My favorite part of this home tour is Megan‘s answer to my query “How did this house become your home?” I guarantee chills and a smile. The way life works out so often takes my breath away.
There’s some practical goodness in here, too, especially for those of you who may find yourselves on edge whenever the paints come down off the tip top shelf! Megan runs a design company that specializes in helping people set up kids’ art spaces, and she completely understands that not everyone enjoys a Jackson Pollock-esque living room at the end of a creative session. Enjoy the tour, Friends!
Q: Please introduce us to your family.
A: I live in a small cottage in Mill Valley, California with my loving husband, Aaron, our 16-year-old dog Shanti, and our two little girls, Karuna and Ora. Karuna recently turned six, but could pass for 36 by the way she nurtures her little sister Ora, who is two. Whenever I leave them with a babysitter, Ora says, “Okay, Ra-Ra will be my mommy.” Ora is a spunky little girl, completely opposite of her sister, so they make a great duo!
Aaron and I met in college at a bar. It was the day after I returned from a solo trip through Europe and the Middle East. According to him, I was emanating a traveller’s cheerful, free-spirited vibe. When I first saw him, he was sitting across the room, smiling at me like we had known each other forever. He had this look in his eye and huge dimples that drew me in. I have been smitten ever since.
Q: How did this house become your home?
A: We live in my grandmother’s old house that we rent from my father. I grew up in Oakland and would come out here often to visit, but I never thought I’d want to live here. I guess I was a city girl and couldn’t imagine settling down in the suburbs. It wasn’t until I got married and started thinking about having kids that Mill Valley suddenly became our dream destination. We begged my dad to rent this house to us – otherwise there was no way we could afford to live here – but he already had a tenant who had looked after my grandmother before she passed away, and he wasn’t about to displace her.
At this time, we were living about an hour north in Santa Rosa, and Aaron was commuting to San Francisco every day. We talked more and more about trying to find an affordable place in Marin County, not only to be closer to his work but also to his brother who lived here with his wife and two kids.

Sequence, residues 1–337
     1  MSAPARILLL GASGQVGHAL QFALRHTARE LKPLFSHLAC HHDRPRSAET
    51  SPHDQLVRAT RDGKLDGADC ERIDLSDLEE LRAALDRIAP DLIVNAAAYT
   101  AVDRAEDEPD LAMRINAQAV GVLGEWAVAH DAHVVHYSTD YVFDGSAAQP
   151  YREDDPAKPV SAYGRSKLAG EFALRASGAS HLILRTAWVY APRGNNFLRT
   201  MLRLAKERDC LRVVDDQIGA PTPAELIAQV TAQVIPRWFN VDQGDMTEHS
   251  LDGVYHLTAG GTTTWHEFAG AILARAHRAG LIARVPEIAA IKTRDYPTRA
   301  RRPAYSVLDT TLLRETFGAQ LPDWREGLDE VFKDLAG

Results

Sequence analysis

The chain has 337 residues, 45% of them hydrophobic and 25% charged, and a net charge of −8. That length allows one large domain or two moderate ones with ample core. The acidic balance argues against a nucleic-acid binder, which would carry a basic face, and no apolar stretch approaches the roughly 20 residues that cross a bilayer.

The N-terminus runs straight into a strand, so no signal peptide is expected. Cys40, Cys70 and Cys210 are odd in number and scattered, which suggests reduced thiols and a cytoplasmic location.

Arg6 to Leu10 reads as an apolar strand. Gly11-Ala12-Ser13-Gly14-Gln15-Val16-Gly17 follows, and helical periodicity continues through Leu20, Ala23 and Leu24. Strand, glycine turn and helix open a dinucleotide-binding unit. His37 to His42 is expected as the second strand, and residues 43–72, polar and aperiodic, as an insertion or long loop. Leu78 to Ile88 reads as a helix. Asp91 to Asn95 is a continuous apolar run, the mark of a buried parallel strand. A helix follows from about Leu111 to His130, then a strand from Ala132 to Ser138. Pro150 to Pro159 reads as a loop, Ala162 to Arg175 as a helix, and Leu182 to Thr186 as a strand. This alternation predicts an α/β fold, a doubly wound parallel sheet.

Here’s the crazy part of the story! As we were figuring all of this out, my brother-in-law’s wife tragically passed away after the birth of her third child. We packed up our things and immediately moved to Marin, sleeping on couches, to be with our family and help take care of our new baby nephew and his siblings. Three days later, my dad called and asked me, “Do you believe in serendipity?” I said, “Yes, why?” and he proceeded to tell me that after more than 15 years of living here, his tenant suddenly decided to move to Illinois. She would be moving out in a few weeks and we could finally live in my grandmother’s cottage, only ten minutes from our brother-in-law where we would be spending most of our time for the next year. I can’t help but think my late sister-in-law and maybe even my grandmother had something to do with this turn of events.
Q: What makes you love the place you live?
A: Mill Valley is incredibly unique. It’s ten minutes north of the Golden Gate Bridge, nestled at the foot of Mt. Tamalpais, with gorgeous hiking trails and redwood trees, wedged between the beautiful Bay and the Pacific Ocean. Although our little town is starting to become a suburb for the San Francisco tech workforce (with its expensive homes and boutique shops), I still feel it has held on to its old-fashioned quaintness, artsy vibe, and adventurous outdoor lifestyle.
We really lucked out with our neighborhood and the wonderful families that moved in with young kids when Karuna was little. Our kids have grown up together, and we always made it a priority to have a regular moms’ night out or Friday night pizza parties with the whole family. It really is a village when it comes to raising our kids. If Ora is napping when I need to pick up Karuna from school, I just pop my head out of the fence to look for a neighbor who is heading to school for pick up. I’ll yell across the street, “Can you get Karuna for me?” And ten minutes later, she is walking in the door.
From our house, we can walk to our elementary, middle, and high schools, to Whole Foods, to a variety of parks and creeks, to the quaint downtown for a good cup of coffee, or to see a show at the Sweetwater, which is an awesome, intimate venue backed by Bob Weir of The Grateful Dead. It really is a dreamy place!
Q: What was the one design element that you wanted to be sure your family home included as it relates to living well with your kids?
A: For me, there are a few key design elements for living with young children. The first is an open concept, which we have only been able to achieve in our kitchen and dining space. We remodeled the kitchen when I was pregnant with Karuna, but dream of redoing the rest of the house someday…a perk of being related to the landlord!